Skip navigation
F0RMLESSNESS
Currently Being Moderated

IDML text flow issue

Oct 18, 2013 12:47 PM

Tags: #indesign #idml

I'm using CC and my client is on CS5, they've been experiencing an issue with the IDML files that I and my collegue (CS6) provide. Most of the text is placed the exact same as my INDD, but every once in a while there is text that is in the wrong place, pushed to the next page by a word or sometimes as much as a paragraph.

 

Everything else, all objects, links, text, styles... everything else is fine. It's just a weird text overflow thing happening on seemingly random pages.

 

I've tried everything I can think of. It's not a font conflict. It's not a preferences conflict. It's not a basleine conflict.

 

Anybody got any ideas as to what could be going on, I would greatly appreciate it!

 

and yes, I've told them they should upgrade, only I spelled it, Upgrayedd, the extra D, of course, for a double dose of pimping.

 
Replies
  • Currently Being Moderated
    Oct 18, 2013 1:10 PM   in reply to F0RMLESSNESS

    Normal and expected behavior. The text engine changes from one version

    to the next.

     
    |
    Mark as:
  • Currently Being Moderated
    Oct 18, 2013 5:30 PM   in reply to F0RMLESSNESS

    Send a PDF as well for checking reflow.

     
    |
    Mark as:
  • Currently Being Moderated
    Oct 18, 2013 5:58 PM   in reply to F0RMLESSNESS

    Seeing how the common denominator available to yourself and a client that doesn't wish to go with CC would be CS6, consider encouraging them to upgrade to CS6, then you only need to install CS6 and y'all could be both working on the same version. Of course, if you have CS5, install it (if it isn't installed anymore) and use it for their work.

     

    Working with someone and everyone is using the same version is the only reliable means.

     
    |
    Mark as:
  • Currently Being Moderated
    Oct 18, 2013 10:05 PM   in reply to F0RMLESSNESS

    Here's something you might not know...

     

    Uh, I don't think so. It is true files will be associated with CC once installed. That is normal, expected behavior.

     

    But if you keep the CS5 files in their own folder--not hard if you use folders per customer, sub-folders for their jobs--and your customer is using CS5, then first open CS5, then open the file that was created in CS5 from the File | Open command (or its recent file list).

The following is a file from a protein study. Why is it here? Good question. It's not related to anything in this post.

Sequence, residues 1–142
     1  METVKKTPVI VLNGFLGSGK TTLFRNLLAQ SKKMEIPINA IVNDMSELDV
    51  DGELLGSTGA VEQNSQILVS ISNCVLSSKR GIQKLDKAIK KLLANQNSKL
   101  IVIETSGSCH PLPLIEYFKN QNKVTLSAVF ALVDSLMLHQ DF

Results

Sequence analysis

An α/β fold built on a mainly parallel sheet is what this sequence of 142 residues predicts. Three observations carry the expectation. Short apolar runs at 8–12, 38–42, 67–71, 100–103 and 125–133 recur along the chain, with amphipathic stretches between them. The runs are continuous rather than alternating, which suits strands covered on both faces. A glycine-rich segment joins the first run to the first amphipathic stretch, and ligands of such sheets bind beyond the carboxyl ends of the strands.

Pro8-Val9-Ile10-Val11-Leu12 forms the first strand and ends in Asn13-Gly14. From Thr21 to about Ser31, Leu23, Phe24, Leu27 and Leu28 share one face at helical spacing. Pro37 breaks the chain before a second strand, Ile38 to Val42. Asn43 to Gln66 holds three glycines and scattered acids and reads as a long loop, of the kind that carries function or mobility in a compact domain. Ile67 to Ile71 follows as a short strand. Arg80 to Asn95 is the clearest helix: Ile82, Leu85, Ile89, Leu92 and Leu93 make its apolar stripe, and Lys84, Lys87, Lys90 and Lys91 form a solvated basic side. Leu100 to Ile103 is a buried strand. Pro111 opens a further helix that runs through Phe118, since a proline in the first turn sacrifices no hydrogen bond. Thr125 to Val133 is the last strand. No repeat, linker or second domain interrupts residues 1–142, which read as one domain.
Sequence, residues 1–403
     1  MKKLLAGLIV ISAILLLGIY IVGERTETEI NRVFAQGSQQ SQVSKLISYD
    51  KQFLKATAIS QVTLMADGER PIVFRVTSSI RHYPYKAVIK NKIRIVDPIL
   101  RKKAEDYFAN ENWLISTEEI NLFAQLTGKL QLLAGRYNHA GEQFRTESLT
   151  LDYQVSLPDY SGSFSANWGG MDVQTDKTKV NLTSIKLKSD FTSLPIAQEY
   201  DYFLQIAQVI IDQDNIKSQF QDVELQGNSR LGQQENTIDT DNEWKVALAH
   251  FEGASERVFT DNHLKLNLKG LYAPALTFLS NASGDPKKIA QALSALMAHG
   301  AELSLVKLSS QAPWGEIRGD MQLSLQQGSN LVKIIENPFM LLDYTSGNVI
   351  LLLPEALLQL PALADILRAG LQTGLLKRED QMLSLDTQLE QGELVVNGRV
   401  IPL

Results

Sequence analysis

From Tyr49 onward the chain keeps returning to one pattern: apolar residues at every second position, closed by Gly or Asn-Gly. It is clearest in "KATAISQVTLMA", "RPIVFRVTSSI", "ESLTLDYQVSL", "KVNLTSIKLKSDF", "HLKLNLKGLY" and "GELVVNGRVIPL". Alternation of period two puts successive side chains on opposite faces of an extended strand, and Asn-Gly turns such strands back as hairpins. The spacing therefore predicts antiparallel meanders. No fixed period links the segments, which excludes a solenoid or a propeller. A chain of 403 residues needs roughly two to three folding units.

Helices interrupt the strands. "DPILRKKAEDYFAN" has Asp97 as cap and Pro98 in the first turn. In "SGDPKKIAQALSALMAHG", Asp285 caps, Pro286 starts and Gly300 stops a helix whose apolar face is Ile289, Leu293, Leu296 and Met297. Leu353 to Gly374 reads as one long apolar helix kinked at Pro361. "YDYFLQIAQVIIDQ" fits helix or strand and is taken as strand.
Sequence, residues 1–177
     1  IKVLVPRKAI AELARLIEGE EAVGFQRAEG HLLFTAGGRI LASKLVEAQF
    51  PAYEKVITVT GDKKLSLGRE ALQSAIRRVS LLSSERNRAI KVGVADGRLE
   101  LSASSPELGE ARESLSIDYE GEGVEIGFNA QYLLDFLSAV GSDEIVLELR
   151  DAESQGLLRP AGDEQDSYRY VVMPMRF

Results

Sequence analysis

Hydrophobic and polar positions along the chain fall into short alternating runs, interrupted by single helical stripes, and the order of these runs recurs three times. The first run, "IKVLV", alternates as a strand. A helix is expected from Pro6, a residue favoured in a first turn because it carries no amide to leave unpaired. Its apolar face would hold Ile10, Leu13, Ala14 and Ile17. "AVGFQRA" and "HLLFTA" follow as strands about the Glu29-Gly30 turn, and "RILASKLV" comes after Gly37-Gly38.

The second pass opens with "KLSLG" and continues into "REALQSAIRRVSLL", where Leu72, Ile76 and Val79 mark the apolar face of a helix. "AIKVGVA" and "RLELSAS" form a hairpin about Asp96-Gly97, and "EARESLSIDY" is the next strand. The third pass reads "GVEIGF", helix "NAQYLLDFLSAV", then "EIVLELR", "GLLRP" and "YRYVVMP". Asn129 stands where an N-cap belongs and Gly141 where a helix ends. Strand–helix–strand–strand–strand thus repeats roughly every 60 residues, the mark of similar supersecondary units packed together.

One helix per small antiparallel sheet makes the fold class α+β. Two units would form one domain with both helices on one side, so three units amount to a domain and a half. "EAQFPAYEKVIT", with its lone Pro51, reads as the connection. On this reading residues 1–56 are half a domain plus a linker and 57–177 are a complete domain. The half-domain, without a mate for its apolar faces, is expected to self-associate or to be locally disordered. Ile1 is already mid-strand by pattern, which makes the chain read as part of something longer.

I have more than one version installed. That's how it works.

     
    |
    Mark as:
  • Currently Being Moderated
    Oct 19, 2013 5:20 AM   in reply to F0RMLESSNESS

    F0RMLESSNESS wrote:

     

    Here's something you might not know. Even if you use CS5 to make the indd file, as long as you have CC on your computer, all the files will be CC files. I know this because I have CS5 on my computer.

    On Windows the OS allows the use of a .dll file that shows the corrrect version (if it isn't newer than the latest iinstalled), but the file association will still want to open all files in the last version installed. Mac users only get the most recent icon.

     

    As Mike said, the icons and associations you see don't mean the file has changed. The only way tht can happen is if you open in the newer version (typically by double-clicking) and then save. You should notice that you are asked to do a Save As and the filename in the title bar has (Converted) appended. For about $20 you can get the Soxy plugin at Rorohiko.com that will read the file version and open it in the right one automatically (if it's installed) when you double-click.

     
    |
    Mark as:
  • Currently Being Moderated
    Oct 19, 2013 7:19 AM   in reply to F0RMLESSNESS

    • Best practices

     

    We habitually thread pretty much every frame in any given document, so an overflow in a tight frame at the beginning of the doc results in reflow throughout. So allowing enough space in every frame for a particularly tight line to force a word down to the next line without reflowing the whole doc is a good idea. Likewise, frame breaks at the end of every frame, plus leaving enough room for a line or three of vertical expansion, is a good idea.

     

     

    • An easy way to check what text is misplaced?

    Send a PDF, as Peter suggests. Place that PDF on the bottom layer of your layout. That way, even tiny bits of reflow that only cause a bit of re-rag are painfully obvious.

     

     

    • Magical spells

    Develop relationships with Congolese sorcerers, Korean shamans, and the like. If design is your area of expertise, don't try to cross-train in magic. You know the saying, "If you think a professional is expensive, wait until you hire an amateur." Unless you're already some kind of magico-religious practicioner, you are best off jobbing out your spellcasting to trained professionals.

     

    The More You Know

     
    |
    Mark as:

More Like This

  • Retrieving data ...

Bookmarked By (0)

Answers + Points = Status

  • 10 points awarded for Correct Answers
  • 5 points awarded for Helpful Answers
  • 10,000+ points
  • 1,001-10,000 points
  • 501-1,000 points
  • 5-500 points